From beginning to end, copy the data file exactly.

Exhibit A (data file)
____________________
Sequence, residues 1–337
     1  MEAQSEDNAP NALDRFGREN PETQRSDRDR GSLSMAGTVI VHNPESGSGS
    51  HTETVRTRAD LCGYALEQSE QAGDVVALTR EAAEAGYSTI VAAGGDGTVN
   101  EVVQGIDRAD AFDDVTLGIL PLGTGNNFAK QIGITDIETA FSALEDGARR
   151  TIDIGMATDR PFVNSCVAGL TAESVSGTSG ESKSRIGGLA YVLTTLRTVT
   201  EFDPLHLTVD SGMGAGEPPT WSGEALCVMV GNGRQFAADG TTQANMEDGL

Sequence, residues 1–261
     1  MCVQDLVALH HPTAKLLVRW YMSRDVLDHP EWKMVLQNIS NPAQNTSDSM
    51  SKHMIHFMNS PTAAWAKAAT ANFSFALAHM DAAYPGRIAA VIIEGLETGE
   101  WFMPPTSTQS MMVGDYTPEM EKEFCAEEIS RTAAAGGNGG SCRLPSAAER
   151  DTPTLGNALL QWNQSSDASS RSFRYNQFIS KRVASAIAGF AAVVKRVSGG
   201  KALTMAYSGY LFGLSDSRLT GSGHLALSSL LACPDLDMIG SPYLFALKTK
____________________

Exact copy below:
Sequence, residues 1–337
     1  MEAQSEDNAP NALDRFGREN PETQRSDRDR GSLSMAGTVI VHNPESGSGS
    51  HTETVRTRAD LCGYALEQSE QAGDVVALTR EAAEAGYSTI VAAGGDGTVN
   101  EVVQGIDRAD AFDDVTLGIL PLGTGNNFAK QIGITDIETA FSALEDGARR
   151  TIDIGMATDR PFVNSCVAGL TAESVSGTSG ESKSRIGGLA YVLTTLRTVT
   201  EFDPLHLTVD SGMGAGEPPT WSGEALCVMV GNGRQFAADG TTQANMEDGL

Sequence, residues 1–261
     1  MCVQDLVALH HPTAKLLVRW YMSRDVLDHP EWKMVLQNIS NPAQNTSDSM
    51  SKHMIHFMNS PTAAWAKAAT ANFSFALAHM DAAYPGRIAA VIIEGLETGE
   101  WFMPPTSTQS MMVGDYTPEM EKEFCAEEIS RTAAAGGNGG SCRLPSAAER
   151  DTPTLGNALL QWNQSSDASS RSFRYNQFIS KRVASAIAGF AAVVKRVSGG
   201  KALTMAYSGY LFGLSDSRLT GSGHLALSSL LACPDLDMIG SPYLFALKTK